Op-ed: The Rural Water Crisis May Soon Be at an End | Civil Eats

Op-ed: How Federal Dollars Can Help Ease the Rural Water Crisis

The USDA has billions of dollars of infrastructure funding to spend. The next farm bill could end the long history of racist disinvestment in rural communities of color.

A resident of Porterville, California, carries a case of bottled water for use at home. (Photo credit: Justin Sullivan, Getty Images)

A resident of Porterville, California, carries a case of bottled water for use at home. (Photo credit: Justin Sullivan, Getty Images)

Everyone has heard about the water crises in cities like Flint, Michigan and Jackson, Mississippi, but America’s rural communities are facing equally dire problems with toxic taps and outdated infrastructure, and they typically have even less to spend on fixes.

That may change soon. In addition to the historic water funding included in recent infrastructure bills, the farm bill that is currently being negotiated in Congress could support real progress in small towns across the country, thanks to the billions it includes for construction of rural water and sewer systems.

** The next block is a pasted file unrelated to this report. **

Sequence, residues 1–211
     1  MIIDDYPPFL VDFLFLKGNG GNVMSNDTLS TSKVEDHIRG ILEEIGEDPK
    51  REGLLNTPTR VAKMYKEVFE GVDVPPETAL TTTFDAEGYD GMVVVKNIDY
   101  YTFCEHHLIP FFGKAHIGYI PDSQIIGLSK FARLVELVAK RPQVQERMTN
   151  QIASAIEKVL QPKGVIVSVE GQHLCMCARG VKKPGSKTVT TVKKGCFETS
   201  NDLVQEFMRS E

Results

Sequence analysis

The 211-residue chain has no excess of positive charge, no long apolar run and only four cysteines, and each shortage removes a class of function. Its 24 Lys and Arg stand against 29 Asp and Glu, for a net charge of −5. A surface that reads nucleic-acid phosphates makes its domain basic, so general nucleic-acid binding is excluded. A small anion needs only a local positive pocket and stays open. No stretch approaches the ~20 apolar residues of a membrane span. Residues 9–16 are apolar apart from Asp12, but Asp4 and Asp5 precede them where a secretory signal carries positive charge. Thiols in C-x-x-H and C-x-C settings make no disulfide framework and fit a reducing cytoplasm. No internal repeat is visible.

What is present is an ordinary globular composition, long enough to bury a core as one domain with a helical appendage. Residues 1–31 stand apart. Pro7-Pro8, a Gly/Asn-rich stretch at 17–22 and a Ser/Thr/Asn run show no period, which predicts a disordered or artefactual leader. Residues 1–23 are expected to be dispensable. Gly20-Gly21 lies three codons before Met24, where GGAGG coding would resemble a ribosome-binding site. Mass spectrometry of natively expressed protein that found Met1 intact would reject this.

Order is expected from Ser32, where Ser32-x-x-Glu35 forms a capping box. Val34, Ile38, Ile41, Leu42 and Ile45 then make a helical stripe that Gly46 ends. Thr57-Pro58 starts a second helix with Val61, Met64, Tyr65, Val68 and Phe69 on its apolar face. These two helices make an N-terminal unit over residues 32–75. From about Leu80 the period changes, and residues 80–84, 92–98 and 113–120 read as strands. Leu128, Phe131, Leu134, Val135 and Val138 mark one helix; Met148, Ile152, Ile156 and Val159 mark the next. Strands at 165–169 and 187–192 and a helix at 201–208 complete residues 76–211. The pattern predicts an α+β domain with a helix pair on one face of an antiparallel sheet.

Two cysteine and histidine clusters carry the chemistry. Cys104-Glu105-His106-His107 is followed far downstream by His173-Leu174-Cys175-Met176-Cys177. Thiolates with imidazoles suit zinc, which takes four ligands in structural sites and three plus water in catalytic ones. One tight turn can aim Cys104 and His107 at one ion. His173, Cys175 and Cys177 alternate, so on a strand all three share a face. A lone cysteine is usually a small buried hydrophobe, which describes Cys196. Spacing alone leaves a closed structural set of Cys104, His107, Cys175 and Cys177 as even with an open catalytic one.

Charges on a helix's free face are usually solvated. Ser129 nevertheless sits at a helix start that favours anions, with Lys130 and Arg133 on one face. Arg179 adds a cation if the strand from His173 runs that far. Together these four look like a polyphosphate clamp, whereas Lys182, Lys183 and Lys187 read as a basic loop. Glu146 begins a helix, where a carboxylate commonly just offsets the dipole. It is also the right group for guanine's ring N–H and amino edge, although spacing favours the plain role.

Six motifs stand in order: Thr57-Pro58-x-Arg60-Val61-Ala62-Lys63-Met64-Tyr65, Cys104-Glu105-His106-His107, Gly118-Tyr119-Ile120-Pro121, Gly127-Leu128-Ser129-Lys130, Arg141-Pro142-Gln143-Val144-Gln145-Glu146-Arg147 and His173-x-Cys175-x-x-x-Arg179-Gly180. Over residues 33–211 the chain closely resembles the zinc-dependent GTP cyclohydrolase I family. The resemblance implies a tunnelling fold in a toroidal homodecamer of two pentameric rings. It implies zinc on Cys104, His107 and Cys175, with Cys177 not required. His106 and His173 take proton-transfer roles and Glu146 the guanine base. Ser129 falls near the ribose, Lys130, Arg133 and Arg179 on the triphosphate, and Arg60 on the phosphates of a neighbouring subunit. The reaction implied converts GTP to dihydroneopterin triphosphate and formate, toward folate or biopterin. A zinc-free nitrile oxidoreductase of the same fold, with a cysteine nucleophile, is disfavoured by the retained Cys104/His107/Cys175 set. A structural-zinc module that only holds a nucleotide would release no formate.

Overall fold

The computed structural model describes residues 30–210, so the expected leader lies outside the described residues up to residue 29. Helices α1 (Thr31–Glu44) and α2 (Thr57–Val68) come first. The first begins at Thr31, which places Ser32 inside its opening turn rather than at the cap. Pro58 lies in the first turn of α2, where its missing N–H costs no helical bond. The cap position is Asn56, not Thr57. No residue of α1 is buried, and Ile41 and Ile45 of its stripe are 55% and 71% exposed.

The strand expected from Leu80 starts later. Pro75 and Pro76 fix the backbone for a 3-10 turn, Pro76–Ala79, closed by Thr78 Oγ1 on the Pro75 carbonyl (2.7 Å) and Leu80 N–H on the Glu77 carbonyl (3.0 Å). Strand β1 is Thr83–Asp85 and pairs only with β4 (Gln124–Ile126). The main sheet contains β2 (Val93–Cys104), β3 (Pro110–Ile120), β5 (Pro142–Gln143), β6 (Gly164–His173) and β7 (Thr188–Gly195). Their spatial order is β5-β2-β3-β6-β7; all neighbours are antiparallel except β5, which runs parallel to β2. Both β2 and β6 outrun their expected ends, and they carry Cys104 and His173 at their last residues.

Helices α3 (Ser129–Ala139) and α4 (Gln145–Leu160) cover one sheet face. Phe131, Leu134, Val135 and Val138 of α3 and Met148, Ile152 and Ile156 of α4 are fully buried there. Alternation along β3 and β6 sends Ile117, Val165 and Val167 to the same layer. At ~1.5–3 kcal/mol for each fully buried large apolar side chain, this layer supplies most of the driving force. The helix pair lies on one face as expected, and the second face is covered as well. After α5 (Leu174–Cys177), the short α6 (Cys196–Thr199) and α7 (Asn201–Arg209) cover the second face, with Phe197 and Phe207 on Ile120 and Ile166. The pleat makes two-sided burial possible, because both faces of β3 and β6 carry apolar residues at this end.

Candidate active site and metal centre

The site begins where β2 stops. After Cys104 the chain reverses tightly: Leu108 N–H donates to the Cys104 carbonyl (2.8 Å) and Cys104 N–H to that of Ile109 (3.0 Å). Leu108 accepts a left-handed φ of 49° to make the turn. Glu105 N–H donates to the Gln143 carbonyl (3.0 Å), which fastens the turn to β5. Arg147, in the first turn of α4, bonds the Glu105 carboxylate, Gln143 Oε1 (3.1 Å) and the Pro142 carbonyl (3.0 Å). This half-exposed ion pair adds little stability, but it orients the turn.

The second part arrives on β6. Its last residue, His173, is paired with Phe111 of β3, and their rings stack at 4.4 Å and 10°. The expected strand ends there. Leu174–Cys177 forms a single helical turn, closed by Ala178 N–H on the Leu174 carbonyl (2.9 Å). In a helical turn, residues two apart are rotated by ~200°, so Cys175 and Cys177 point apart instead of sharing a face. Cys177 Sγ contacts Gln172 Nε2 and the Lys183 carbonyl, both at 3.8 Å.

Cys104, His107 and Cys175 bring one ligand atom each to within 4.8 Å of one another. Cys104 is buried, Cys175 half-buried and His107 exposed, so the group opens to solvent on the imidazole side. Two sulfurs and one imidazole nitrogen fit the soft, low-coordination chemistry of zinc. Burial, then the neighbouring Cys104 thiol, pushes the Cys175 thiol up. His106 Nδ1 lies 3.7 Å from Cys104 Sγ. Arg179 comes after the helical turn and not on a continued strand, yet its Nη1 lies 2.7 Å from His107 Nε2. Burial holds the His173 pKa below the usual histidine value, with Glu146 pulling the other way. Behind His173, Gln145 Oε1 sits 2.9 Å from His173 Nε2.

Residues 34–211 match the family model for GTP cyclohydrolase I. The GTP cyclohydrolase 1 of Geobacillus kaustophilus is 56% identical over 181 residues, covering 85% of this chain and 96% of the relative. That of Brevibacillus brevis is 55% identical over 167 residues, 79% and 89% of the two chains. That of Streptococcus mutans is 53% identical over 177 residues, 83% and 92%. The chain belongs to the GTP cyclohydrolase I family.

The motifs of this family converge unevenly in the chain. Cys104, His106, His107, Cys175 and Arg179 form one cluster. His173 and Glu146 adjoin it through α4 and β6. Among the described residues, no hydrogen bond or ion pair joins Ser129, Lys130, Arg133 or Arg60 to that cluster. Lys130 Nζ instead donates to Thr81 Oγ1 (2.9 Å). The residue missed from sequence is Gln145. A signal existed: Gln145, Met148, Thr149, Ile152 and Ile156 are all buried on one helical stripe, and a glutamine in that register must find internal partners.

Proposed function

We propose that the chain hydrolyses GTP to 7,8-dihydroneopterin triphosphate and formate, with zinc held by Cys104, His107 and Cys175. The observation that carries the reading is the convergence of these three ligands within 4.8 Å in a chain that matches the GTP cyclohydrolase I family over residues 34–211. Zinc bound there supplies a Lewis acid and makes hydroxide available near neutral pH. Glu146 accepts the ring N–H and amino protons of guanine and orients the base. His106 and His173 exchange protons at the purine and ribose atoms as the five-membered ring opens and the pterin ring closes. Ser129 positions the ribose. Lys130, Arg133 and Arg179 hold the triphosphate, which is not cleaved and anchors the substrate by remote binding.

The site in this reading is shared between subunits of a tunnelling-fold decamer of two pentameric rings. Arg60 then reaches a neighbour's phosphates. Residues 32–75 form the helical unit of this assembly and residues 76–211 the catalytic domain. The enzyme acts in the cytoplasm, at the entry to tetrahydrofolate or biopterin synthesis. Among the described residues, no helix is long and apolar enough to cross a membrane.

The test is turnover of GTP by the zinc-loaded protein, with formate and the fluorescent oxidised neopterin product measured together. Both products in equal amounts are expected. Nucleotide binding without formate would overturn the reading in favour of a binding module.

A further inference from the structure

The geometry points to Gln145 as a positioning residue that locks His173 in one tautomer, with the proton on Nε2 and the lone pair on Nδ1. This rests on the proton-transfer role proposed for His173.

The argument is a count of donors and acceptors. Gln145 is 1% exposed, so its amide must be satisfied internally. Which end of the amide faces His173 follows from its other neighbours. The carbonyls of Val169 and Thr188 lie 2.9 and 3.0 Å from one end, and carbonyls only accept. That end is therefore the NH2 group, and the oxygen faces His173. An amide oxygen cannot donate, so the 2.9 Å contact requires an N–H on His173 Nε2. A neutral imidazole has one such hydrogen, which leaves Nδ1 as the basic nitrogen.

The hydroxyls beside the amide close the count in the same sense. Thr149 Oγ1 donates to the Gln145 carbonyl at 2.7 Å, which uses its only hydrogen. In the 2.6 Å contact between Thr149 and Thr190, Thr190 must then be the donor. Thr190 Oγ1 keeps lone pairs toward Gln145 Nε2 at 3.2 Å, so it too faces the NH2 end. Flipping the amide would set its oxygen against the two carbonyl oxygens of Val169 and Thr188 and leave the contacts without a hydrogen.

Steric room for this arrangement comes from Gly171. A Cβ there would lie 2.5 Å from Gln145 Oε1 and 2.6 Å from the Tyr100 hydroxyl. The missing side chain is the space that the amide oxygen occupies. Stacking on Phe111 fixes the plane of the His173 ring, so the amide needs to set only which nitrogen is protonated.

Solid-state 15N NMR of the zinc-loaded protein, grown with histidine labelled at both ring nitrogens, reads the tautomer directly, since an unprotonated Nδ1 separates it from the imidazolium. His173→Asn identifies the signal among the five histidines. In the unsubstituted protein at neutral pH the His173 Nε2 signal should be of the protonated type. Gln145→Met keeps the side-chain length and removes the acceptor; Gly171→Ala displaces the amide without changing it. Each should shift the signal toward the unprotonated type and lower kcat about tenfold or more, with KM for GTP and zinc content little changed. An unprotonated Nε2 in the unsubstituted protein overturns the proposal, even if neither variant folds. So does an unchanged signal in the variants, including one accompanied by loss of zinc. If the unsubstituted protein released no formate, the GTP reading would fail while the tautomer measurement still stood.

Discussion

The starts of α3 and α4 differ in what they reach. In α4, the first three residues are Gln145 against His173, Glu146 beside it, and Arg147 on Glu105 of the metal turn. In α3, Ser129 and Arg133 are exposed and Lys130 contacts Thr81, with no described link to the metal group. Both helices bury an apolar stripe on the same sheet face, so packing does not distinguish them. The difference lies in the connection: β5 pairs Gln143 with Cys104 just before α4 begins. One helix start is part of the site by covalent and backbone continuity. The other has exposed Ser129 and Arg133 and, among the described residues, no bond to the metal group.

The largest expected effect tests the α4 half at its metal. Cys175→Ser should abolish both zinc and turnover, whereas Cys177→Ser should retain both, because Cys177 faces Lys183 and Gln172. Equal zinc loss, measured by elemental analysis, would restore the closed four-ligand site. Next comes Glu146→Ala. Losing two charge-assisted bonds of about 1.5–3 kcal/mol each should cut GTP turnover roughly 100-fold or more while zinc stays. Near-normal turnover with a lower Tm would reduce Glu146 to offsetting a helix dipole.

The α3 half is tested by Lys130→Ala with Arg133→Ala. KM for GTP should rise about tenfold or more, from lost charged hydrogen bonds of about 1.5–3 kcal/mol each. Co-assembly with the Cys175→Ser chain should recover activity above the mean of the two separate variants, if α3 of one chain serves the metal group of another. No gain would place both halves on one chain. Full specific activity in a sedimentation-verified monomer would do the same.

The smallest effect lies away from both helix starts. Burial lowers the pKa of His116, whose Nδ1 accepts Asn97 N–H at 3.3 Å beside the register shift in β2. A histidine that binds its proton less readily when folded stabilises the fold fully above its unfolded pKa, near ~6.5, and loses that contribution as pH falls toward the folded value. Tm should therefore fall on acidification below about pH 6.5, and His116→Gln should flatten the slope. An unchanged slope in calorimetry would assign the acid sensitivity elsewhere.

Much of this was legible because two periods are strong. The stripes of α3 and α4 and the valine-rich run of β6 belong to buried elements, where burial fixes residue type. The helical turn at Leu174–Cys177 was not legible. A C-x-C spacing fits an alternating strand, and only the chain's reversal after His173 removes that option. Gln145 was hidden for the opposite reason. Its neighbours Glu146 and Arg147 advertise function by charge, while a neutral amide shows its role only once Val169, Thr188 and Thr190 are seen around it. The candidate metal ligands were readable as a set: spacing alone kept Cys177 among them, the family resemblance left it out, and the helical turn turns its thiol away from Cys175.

We know firsthand what a huge impact those dollars can make on the ground. In California, people in an estimated 300 communities can’t drink from the tap. And two examples—the unincorporated farmworker communities of Monson and Sultana—show how federal funding can make the difference between residents having to rely on bottled water to drink, brush their teeth, and cook dinner, or having safe water from the tap.

For decades, the residents of Monson, which is just 15 miles north of Visalia, has faced water access challenges, including struggles with dry wells and high levels of nitrates.

In California alone, people in an estimated 300 communities can’t drink from the tap. Federal funding can make the difference between residents having to rely on bottled water to drink, brush their teeth, and cook dinner, or having safe water from the tap